First off, you should have found something before the SHTF. After that, make sure you’ve learned an indispensable skill or trade. Former military or combat whatever? Great, you’re in. Everyone needs added security. Former carpenter or woodworker? You’re in to. We always need stuff built or repaired. Software tester? Get to steppin’. COBOL/Java/HTML/Oracle/.NET developer… follow that tester on down the road. Electrical anything? Inventor? You’re now the king of all you survey. Maybe it won’t be a harsh as all this, but it very well could be. Do yourself a favor and learn something that will be of value in a SHTF scenario.
I have covered BOLs in past episodes and more coming soon, but I realize that this is “the elephant in the room” with preppers. More discussions are ALWAYS welcome. If I’m trying to find the ‘right’ piece of land, what are some attributes I should be looking for?
Land that you can pay for outright (meaning no mortgage payment) would be a good place to start. However, this isn’t always possible, but should be a goal. Make the largest down payment you can if you can’t make the total purchase price. After that, you want the land to be all yours. This means gas, mineral, and timber rights as well. How much would it suck to have your secluded hidey hole exposed when a timber company comes and clear cuts half your property? Try to avoid parcels that have right-of-way (power, gas, or water/sewer lines cutting through the property) or easements for neighbors too. The right-of-ways need to be maintained by the owner of the service and easements may bring neighbors too close to seeing whatever it is that you’re doing. A full time water source would be optimal, but a seasonal stream would do in a pinch if you’re smitten with an area. Just make sure to capture as much of the seasonal water and rainwater as possible so you and your position are not compromised. Consider installing a modest pond. Regardless of all of that, wherever you choose to purchase, do yourself a favor and make sure the dirt is viable and know for a fact that you can live in that climate for a long time to come. Don’t buy in Alaska if you hate winter.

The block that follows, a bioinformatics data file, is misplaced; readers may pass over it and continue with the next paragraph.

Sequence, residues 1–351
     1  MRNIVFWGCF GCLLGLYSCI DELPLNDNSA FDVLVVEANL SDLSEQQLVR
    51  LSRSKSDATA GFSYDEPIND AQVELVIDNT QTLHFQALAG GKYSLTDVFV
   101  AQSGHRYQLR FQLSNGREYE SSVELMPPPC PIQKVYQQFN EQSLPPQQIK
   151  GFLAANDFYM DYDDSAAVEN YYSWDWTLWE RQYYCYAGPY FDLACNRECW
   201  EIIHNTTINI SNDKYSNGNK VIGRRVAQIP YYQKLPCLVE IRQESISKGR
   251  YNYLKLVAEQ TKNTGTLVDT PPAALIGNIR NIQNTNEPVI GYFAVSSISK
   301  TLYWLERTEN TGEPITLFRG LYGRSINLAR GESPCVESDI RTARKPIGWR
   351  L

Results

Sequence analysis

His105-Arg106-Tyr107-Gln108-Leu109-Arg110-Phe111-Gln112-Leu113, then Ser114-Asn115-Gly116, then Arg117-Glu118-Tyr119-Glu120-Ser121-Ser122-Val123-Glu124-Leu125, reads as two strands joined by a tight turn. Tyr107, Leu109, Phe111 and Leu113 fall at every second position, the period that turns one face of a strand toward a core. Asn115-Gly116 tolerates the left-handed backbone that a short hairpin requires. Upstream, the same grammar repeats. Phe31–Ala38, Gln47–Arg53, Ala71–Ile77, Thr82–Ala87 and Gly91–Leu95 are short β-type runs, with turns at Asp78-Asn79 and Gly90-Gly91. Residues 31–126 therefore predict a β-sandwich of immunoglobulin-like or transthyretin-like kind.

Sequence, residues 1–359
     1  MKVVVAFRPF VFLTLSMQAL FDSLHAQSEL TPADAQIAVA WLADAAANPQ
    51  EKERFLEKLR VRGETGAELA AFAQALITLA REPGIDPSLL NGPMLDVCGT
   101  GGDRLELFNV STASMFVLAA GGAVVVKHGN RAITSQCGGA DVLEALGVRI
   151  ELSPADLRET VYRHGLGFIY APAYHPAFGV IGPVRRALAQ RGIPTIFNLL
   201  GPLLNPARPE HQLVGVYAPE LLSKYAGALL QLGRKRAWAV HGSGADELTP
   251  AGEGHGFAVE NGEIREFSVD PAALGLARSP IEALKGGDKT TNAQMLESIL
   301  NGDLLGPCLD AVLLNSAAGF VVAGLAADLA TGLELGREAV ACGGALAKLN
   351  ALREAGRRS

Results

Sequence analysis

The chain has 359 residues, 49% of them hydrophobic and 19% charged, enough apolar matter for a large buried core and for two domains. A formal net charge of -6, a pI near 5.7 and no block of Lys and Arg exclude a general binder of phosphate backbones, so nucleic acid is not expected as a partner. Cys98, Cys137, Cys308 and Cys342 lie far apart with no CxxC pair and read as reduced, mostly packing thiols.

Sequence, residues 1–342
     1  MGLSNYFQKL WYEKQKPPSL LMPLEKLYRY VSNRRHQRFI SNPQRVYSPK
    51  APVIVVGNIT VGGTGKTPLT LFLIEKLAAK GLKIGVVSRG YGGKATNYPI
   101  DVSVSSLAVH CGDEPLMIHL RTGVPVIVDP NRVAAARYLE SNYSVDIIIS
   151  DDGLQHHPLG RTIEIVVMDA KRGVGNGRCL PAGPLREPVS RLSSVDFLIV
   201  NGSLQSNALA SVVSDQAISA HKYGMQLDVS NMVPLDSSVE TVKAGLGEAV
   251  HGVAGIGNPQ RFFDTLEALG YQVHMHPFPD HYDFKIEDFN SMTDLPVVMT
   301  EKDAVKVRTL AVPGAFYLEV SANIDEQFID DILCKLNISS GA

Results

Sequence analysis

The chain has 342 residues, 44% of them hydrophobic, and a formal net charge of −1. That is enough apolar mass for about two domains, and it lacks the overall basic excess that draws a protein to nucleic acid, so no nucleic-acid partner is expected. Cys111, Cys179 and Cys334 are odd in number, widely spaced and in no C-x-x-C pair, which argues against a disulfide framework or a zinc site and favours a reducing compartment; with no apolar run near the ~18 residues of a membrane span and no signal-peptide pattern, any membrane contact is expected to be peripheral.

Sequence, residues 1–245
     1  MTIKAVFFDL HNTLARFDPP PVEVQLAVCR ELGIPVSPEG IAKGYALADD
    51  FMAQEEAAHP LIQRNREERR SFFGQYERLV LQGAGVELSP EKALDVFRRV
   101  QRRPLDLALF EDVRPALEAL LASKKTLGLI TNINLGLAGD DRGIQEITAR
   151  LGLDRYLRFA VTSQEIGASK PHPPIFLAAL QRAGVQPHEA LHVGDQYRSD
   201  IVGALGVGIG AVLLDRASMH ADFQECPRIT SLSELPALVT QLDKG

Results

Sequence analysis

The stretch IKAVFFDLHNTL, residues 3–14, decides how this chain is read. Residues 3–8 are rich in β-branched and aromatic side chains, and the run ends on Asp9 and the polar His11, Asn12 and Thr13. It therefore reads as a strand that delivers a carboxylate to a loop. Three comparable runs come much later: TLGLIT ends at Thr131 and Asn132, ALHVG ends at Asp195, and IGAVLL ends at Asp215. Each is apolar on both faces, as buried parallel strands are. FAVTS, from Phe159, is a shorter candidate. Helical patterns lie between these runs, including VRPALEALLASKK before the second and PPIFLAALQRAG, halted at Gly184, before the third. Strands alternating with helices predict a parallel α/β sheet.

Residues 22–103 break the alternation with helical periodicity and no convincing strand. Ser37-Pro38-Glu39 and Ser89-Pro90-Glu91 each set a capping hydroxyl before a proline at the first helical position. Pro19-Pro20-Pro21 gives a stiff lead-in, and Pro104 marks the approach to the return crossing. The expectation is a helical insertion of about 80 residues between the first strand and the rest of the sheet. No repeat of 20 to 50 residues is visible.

What is your next planned survival step?
Procure a BOL via land purchase.
Where can EVERYONE get a Copy of the Book…………………….?
What is your most important recommendation for someone just starting out?
The first thing they need to do is an assessment and start with the following two questions: What do they already possess (knowledge, gear, training, etc.)? What are they trying to accomplish? (Meaning, what are they preparing for) If what they possess doesn’t align with what they are preparing for, then they now know where they need to start. From there, it’s all about priority. Do research and find out what those that have come before them have already found out about the thing they are preparing for and what are their recommendations. For me it was debt and transitioning to cash only and setting a monthly budget for preps.
You have a book out, Tell us about it, and why you wrote it…
What kind of information can be learned by reading your books?
When I read books in this genre, I find that I enjoy the story much more if I feel that there is a purpose behind the writing. For me, it was all about passing on the information I’ve learned. This could be something like how a root cellar works to the nuclear triad and orienteering, medicinal plants uses, alternate forms of energy production and locomotion. What’s fun is including the information without the reader realizing it.
I have an amazing survival training site coming out at bestsurvivalskillstraining.com. Would you be willing to contribute amazing content or a ridiculous deal for everyone that joins the site?
How can people find you or where should they look next? www.facebook.com/davidjkershnerauthor
As I write tips for your adventures and hear about cool gear, I will let you know all about it!